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Gbajabiamila: To make progress, Nigeria must incorporate women into politics

By Joke Falaju, Abuja
18 September 2021   |   4:14 am
The Speaker of House of Representatives, Femi Gbajabiamila, has declared that Nigeria’s development would remain stifled unless women are given ample opportunity to freely participate in the country’s political process.

Speaker, House of Representatives, Femi Gbajabiamila. Photo/FACEBOOK/SPEAKERGBAJA

The Speaker of House of Representatives, Femi Gbajabiamila, has declared that Nigeria’s development would remain stifled unless women are given ample opportunity to freely participate in the country’s political process.

The Speaker, who admitted that culture, religion, law and political practice had hindered opportunities for women and discouraged their political participation, said it was time for women to challenge the status quo and change it so as to emerge as the formidable force that would grow the country.

Ghajabiamila stated this in Abuja, yesterday, during the Paving the Path conference organised by the House Committee on Women Affairs in partnership with ActionAid Nigeria among other civil organisations.

He said: “Nigerian women have excelled in commerce and industry, academia and the professional class, to say the least. Unfortunately, this excellence has not had ample space to manifest in politics, political organisations; nor in the numbers of women who hold and exercise political authority in Nigeria’s three levels of government. It follows, therefore, that this is not a women’s problem; it is a Nigerian problem.

“It is a problem of a system of culture and religion, of law and political practice, that together hinder political opportunities for women, discouraging political participation and excluding important voices from the critical conversations about our nationhood and its future.”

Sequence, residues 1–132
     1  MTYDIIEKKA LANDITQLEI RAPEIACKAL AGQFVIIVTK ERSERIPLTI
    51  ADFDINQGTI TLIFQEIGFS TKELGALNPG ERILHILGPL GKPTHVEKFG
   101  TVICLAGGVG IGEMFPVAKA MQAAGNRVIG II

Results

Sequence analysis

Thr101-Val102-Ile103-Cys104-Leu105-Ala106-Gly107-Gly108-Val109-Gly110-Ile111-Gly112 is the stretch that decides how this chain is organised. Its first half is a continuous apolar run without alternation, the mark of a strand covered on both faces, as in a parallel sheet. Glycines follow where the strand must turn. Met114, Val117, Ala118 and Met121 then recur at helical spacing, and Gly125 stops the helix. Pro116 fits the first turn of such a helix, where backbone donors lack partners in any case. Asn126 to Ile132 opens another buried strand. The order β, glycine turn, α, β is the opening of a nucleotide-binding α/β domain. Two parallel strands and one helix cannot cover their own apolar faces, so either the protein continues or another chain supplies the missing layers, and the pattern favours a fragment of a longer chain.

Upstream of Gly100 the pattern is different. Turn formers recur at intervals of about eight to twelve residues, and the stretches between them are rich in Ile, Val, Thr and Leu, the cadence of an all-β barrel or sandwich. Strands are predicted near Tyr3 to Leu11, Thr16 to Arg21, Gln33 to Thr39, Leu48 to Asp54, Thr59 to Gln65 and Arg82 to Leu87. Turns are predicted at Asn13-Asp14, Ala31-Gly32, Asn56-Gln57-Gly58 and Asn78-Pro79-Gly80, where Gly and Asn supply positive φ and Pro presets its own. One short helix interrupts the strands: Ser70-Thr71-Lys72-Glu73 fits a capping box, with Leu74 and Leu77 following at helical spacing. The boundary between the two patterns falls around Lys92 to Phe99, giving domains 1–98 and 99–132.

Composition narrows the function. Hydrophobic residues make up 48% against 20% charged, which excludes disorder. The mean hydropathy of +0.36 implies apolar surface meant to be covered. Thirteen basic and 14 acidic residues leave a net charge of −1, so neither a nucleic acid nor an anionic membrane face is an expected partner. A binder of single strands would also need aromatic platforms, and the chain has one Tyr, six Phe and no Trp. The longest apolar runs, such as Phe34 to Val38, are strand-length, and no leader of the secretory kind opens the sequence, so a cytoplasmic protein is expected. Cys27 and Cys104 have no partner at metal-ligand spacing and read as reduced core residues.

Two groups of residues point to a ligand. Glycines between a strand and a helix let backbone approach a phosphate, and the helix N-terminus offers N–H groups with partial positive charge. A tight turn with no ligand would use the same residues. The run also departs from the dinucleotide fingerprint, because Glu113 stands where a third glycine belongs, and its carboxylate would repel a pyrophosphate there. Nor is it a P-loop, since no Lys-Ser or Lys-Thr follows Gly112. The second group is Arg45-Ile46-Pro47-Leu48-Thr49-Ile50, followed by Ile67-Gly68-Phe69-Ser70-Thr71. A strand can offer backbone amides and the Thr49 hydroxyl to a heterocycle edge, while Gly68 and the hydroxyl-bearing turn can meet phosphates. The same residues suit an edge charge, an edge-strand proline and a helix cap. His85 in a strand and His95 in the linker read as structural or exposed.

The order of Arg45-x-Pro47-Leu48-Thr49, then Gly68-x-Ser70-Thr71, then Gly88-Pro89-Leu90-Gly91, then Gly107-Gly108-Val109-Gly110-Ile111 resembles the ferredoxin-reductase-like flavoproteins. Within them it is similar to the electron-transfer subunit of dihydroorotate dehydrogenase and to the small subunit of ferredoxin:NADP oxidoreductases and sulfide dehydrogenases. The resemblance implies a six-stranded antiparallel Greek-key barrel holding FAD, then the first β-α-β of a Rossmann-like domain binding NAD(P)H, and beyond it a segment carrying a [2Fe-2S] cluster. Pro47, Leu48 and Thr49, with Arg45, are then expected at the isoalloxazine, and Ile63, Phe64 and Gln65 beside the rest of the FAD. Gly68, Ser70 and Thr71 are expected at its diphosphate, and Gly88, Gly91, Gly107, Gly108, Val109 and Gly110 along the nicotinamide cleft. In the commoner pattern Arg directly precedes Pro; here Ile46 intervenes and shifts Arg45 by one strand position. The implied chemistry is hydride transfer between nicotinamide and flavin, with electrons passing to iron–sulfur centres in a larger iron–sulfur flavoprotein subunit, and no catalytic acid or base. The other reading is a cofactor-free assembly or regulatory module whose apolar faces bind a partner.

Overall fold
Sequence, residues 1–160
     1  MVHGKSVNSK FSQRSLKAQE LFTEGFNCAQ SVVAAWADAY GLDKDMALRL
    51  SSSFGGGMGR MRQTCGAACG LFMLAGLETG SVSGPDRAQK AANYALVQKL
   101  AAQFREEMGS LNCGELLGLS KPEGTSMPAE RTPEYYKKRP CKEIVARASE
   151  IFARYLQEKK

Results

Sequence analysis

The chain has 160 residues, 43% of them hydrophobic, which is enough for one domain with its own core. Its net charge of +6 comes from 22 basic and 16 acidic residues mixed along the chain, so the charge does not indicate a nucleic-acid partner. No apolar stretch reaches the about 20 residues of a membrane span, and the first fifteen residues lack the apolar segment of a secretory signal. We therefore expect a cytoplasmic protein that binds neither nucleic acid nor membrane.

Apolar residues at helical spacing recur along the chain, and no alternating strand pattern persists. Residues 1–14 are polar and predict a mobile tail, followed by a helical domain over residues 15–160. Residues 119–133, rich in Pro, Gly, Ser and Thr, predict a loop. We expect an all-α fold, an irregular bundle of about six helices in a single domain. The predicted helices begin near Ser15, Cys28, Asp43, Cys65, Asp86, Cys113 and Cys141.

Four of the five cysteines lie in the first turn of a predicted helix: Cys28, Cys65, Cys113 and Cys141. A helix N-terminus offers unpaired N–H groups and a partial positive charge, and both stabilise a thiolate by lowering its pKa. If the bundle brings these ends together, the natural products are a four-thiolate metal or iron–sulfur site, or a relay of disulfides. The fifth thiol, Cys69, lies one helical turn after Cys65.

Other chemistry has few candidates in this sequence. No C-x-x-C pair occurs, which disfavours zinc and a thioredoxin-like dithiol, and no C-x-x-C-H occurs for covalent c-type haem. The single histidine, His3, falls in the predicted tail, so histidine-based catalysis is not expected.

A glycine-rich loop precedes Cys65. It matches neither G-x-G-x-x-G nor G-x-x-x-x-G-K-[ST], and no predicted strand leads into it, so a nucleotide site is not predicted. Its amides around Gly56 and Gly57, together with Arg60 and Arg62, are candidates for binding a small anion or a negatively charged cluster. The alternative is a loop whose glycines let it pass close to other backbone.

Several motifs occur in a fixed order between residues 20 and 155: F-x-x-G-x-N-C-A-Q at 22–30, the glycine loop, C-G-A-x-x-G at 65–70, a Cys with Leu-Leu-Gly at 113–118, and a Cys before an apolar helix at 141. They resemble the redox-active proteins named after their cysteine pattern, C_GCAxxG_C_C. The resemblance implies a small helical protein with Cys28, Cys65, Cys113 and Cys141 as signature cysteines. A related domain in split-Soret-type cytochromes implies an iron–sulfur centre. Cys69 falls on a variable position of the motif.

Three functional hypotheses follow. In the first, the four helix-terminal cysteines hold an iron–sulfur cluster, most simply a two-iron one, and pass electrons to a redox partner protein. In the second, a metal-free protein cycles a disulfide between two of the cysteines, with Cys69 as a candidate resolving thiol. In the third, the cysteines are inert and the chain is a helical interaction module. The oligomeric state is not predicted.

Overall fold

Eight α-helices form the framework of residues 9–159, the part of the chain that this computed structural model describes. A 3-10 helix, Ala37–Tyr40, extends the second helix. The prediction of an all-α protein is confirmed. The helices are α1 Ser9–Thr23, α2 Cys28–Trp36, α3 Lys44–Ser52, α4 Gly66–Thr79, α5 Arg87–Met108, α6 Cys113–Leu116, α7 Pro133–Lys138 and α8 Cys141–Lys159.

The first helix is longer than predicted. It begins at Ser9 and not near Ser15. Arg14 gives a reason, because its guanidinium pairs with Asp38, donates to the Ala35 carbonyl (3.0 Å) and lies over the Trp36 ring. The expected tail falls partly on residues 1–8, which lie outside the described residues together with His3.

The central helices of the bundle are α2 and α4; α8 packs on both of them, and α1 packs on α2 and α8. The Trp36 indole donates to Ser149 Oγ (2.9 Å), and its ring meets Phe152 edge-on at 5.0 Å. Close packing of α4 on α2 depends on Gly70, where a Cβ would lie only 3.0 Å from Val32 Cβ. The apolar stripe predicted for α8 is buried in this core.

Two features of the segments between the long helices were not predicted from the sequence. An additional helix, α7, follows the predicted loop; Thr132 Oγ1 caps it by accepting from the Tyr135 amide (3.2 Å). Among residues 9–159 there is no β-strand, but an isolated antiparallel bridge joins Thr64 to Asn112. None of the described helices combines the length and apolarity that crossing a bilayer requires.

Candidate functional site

He called on women to not only challenge the status quo, but also to change it, stressing the need for women to take action and dismantle those obstacles of law and convention, culture and expectation that deny them full participation in the national life.

He added: “We must do this, not out of charity or magnanimity. We do it because the evidence abounds that our country is less than it can be. Our highest aspirations are out of reach and will stay there until the arenas of political power in our country accurately reflect the incredible contributions that women make to every facet of our society.”

Gbajabiamila further urged women to also identify many ways they could ‘choose to challenge and change’ and “emerge with an Action Plan that could be implemented to make this change happen, holistically, practically and sustainably.”

Also, the Country Director, ActionAid Nigeria, Ene Obi, said that as political actors were organising, “we within the women’s rights movement will not agonise but organise ourselves collectively and strategically by working with allies towards opening the space for women’s meaningful participation.”

She said ActionAid would continue to hold President Muhammadu Buhari accountable to his campaign promises of 40 per cent inclusion of women in the political space

She added: “The President must come to terms with the promise; a promise is a promise and he must come to terms with that. It is very unfortunate that in all the 36 states of the federation, only four women are deputy governors. Why is it that political parties don’t find women as deputies? We know that the process is very skewed but we can jumpstart it.”